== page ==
A converted Hindu who had been given a Bible and a clock said, “The clock will tell me how time goes, and the Bible will tell me how to spend it..” (Anonymous)
The chief captain did not want to have to explain to his superior the assassination of a Roman citizen in his charge. Taking no chances, he summoned two hundred foot soldiers, seventy cavalry, and another two hundred artillerymen to see that Paul had a safe exodus from Jerusalem (v. 23). God was seeing to it that His apostle got to Rome safely (v. 24). The chief captain also sent along a letter to Felix, stating his belief in Paul’s innocence as far as the Roman law was concerned (vv. 25-30).
This great company of soldiers left at nine o’clock at night (v. 23). The city gates would have been opened to let them through and then closed again, making it virtually impossible for a pursuit to take place until the gates were opened again in the morning, and by that time Paul would be safely in Caesarea. You can imagine the disappointment of these about to be assassins as this strong force protecting Paul sped out of sight, heading for the Roman capital. The soldiers took him on the first leg of his journey, as far as Antipatris, a small town in the plains of Sharon about forty miles from Jerusalem and some twenty-five miles south of Caesarea (v. 31). Now that the main danger was passed, the infantry turned back to Jerusalem, and only the cavalry went on to Caesarea with Paul (v. 32).
When they came to Caesarea, they gave the letter to the governor and handed Paul over to him (v.33). The governor read the letter. Then he asked Paul and found out that he was from Cilicia (v. 34). Paul was now in the hands of Felix, who had ruled the country in a very cruel and treacherous manner for seven years. He was a man of lowly origin, and owed his high rank to the influence of his brother Pallas, who had been in Rome during the reign of Claudius. This was the man in whose hands the future of Paul now rested. Felix prudently, and rightly, decided to defer Paul’s case until the accusers from Jerusalem came to press charges (v. 35). As it turned out Paul stayed here for two years as a prisoner while his case was in limbo.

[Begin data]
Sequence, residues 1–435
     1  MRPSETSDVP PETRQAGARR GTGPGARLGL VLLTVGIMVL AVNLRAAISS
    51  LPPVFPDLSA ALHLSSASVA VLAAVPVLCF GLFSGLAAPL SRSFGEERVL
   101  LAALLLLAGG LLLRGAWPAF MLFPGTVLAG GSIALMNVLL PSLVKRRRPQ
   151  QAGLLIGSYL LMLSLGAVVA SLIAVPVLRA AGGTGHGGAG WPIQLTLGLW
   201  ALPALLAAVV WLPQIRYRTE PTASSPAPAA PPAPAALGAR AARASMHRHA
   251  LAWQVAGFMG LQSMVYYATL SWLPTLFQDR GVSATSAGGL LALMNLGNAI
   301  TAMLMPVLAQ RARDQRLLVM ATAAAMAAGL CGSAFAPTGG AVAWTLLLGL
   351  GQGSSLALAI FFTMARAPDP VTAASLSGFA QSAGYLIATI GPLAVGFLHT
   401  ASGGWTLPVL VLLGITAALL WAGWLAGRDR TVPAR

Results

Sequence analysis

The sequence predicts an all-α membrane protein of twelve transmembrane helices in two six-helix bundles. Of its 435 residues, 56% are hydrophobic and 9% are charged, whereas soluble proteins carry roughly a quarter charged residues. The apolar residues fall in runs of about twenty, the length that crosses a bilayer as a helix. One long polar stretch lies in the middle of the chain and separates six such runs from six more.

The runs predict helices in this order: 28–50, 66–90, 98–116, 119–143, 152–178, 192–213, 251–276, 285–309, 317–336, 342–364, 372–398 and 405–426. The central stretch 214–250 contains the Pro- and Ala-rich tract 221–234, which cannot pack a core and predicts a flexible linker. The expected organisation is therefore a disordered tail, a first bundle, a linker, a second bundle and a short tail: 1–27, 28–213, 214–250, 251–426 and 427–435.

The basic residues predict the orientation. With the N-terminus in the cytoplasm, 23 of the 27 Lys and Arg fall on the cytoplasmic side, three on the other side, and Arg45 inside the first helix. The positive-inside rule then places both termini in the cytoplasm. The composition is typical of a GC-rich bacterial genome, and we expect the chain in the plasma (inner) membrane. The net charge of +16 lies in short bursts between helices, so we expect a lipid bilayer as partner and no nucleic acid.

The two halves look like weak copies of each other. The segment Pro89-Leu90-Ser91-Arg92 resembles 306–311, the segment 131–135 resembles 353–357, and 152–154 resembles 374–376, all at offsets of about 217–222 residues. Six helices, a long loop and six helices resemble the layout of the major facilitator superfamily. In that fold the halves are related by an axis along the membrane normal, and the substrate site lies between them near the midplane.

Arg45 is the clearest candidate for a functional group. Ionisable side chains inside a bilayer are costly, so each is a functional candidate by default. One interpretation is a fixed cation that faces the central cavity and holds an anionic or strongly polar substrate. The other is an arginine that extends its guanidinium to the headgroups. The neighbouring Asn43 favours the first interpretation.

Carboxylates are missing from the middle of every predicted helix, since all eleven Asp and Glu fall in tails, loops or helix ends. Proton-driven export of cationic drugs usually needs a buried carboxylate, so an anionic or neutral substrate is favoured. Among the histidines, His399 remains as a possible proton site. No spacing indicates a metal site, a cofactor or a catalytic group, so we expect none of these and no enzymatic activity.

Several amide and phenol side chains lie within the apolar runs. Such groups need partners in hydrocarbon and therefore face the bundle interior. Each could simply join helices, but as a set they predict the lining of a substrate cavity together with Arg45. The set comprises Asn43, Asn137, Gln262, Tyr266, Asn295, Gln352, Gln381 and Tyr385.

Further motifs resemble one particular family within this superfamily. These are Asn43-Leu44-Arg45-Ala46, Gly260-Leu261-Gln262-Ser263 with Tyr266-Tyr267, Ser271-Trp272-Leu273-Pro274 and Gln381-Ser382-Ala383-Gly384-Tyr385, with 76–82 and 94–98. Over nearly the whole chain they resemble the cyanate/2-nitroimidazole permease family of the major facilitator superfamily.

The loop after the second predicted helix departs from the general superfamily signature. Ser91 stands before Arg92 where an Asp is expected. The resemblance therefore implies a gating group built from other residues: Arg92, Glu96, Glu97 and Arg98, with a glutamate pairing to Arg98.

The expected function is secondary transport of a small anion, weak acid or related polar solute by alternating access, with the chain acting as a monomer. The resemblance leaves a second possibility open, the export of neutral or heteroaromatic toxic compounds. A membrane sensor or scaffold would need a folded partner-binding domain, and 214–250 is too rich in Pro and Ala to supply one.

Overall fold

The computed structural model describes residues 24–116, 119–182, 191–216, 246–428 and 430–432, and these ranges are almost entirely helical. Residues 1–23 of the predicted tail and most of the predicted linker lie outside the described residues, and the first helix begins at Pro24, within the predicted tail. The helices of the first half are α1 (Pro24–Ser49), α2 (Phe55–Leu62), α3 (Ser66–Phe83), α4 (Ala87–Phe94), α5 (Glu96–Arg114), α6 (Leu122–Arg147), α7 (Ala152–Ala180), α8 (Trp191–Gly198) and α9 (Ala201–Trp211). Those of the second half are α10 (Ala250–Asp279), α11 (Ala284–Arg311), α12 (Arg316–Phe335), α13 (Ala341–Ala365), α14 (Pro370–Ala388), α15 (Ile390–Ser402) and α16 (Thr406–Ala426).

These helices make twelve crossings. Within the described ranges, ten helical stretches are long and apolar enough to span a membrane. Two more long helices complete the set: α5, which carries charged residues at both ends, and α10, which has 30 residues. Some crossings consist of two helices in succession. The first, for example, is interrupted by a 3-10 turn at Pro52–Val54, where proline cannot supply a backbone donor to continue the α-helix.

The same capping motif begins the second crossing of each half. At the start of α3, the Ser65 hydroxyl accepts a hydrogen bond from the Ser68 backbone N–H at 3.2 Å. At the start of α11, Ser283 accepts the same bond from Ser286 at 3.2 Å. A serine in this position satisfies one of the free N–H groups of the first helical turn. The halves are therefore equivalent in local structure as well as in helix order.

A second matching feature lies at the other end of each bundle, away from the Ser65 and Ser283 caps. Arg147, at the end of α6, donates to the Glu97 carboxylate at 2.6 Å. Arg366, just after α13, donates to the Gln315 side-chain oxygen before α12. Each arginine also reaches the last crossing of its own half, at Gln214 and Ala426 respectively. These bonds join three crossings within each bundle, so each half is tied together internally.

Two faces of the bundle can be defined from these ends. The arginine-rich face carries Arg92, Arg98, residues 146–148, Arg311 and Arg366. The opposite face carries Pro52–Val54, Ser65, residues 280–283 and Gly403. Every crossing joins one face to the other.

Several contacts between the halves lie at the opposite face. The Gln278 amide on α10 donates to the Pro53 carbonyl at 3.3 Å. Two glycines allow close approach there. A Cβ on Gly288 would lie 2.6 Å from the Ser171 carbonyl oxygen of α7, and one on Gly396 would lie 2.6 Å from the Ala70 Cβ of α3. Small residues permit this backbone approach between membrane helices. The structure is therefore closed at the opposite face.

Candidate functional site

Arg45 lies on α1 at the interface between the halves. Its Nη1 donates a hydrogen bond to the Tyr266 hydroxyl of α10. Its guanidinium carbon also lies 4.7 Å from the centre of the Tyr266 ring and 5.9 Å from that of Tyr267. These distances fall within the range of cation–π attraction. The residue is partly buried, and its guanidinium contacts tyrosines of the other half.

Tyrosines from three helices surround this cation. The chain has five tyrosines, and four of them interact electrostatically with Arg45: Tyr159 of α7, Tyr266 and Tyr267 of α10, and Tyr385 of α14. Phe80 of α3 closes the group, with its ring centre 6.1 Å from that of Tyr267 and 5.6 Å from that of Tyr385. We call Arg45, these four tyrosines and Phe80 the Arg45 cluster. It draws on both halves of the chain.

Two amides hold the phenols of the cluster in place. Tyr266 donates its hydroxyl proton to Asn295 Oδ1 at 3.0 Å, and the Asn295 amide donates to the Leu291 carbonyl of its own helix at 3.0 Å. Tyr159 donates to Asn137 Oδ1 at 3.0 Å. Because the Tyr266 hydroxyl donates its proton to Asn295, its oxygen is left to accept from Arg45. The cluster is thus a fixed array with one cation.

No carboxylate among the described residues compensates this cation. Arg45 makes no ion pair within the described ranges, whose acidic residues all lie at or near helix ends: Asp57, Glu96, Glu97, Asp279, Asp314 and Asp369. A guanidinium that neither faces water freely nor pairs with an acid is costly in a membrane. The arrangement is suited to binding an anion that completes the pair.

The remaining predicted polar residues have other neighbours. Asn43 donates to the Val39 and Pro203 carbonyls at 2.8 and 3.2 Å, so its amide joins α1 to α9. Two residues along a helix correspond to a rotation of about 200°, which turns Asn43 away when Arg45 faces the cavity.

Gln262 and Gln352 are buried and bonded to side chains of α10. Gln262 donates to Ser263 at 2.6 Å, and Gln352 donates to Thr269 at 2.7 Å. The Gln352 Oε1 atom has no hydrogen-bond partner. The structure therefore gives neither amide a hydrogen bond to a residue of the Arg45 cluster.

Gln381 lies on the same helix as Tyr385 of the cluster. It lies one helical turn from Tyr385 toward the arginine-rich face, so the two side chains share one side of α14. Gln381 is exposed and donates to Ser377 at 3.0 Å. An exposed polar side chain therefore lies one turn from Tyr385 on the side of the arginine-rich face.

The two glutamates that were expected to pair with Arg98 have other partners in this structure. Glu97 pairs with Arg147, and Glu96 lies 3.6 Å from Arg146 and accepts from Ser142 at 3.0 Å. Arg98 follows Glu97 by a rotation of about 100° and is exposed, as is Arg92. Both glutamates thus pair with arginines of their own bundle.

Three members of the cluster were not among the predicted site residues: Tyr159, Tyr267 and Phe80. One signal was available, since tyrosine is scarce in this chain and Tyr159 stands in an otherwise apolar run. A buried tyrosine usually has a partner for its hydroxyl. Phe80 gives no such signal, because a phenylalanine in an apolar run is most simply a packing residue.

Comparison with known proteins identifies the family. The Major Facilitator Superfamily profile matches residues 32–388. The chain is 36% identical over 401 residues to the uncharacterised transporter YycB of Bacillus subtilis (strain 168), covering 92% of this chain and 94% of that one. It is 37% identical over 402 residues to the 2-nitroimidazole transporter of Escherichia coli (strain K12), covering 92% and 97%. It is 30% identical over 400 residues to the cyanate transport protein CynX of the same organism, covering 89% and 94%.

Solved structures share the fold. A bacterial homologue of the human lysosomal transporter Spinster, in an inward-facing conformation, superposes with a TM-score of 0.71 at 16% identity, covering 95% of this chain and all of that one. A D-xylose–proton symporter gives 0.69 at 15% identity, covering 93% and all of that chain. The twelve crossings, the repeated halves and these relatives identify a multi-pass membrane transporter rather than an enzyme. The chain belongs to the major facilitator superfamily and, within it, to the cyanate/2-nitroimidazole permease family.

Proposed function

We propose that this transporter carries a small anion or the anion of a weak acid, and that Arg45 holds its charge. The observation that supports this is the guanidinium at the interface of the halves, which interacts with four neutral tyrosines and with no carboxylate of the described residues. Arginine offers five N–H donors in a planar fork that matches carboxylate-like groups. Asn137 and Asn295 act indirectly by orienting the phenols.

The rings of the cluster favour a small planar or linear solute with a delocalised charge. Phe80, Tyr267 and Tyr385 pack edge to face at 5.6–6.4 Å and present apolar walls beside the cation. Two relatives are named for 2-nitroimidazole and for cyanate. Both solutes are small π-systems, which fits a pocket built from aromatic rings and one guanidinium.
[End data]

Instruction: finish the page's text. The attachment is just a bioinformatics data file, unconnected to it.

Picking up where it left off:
Is there a reason that God has placed me and my family in our particular community at this time? Am I taking advantage of where God has placed me? Ask each member of my family if they think they are taking advantage of their situation.
Then he called two of the centurions and said, "Get ready two hundred soldiers, with seventy horsemen and two hundred spearmen to go as far as Caesarea at the third hour of the night. Also provide mounts for Paul to ride and bring him safely to Felix the governor." And he wrote a letter to this effect: "Claudius Lysias, to his Excellency the governor Felix, greetings. This man was seized by the Jews and was about to be killed by them when I came upon them with the soldiers and rescued him, having learned that he was a Roman citizen. And desiring to know the charge for which they were accusing him, I brought him down to their council. I found that he was being accused about questions of their law, but charged with nothing deserving death or imprisonment. And when it was disclosed to me that there would be a plot against the man, I sent him to you at once, ordering his accusers also to state before you what they have against him." So the soldiers, according to their instructions, took Paul and brought him by night to Antipatris. And on the next day they returned to the barracks, letting the horsemen go on with him. When they had come to Caesarea and delivered the letter to the governor, they presented Paul also before him. On reading the letter, he asked what province he was from. And when he learned that he was from Cilicia, he said, "I will give you a hearing when your accusers arrive." And he commanded him to be guarded in Herod's praetorium.
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Acts 20:1-6Discipleship Despite Difficulties
Acts 20:7-12When, Where, How & How Long to Worship
Acts 20:13-21Paul–An Example of Faithfulness
Acts 20:22-24Paul’s Determination To Go To Jerusalem
Acts 20:25-31Paul’s Warning to the Ephesian Elders
Acts 20:32-38Paul Shares About Giving
Acts 21:1-9Paul Warned By the Christians
Acts 21:10-16Paul’s Determination & Warning from Agabus
Acts 21:17-26Compromise Recommended but Refuted
Acts 21:27-36Disaster is the End Result of Compromise
Acts 21:37-40Boldness At the Barracks
Acts 22:1-5Paul Defense of His Heritage and Ministry
Acts 22:6-16Paul’s Salvation Testimony
Acts 22:17-21The Jewish Crowd’s Prejudice Against Gentiles
Acts 22:22-30Paul–A Roman Citizen
Acts 23:1-5Respect is Always Appropriate
Acts 23:6-11Comfort In Times of Trial
Acts 23:12-22A Plot to Kill Paul
Acts 23:23-35God’s Timing is Very Evident to Paul
Acts 24:1-9Paul’s Response vs. Reaction to Charges
Acts 24:10-21Paul’s Defense Before Felix
Acts 24:22-27Concern from Paul’s Friends & Foes
Acts 25:1-7Paul’s Roman Trial–Festus Hears False Accusations
Acts 25:8-12Paul’s Appeal to Caesar’s Roman Courtroom
Acts 25:13-22Festus Consults Agrippa for a Second Opinion
Acts 25:23-27Paul’s Opportunity to Face Agrippa & Company
Acts 26:1-11Paul to Agrippa–Honesty is the Best Policy
Acts 26:12-23Paul’s Purpose Changed to God’s Purpose
Acts 26:24-32God’s Truth Brings Conviction to Agippa’s Heart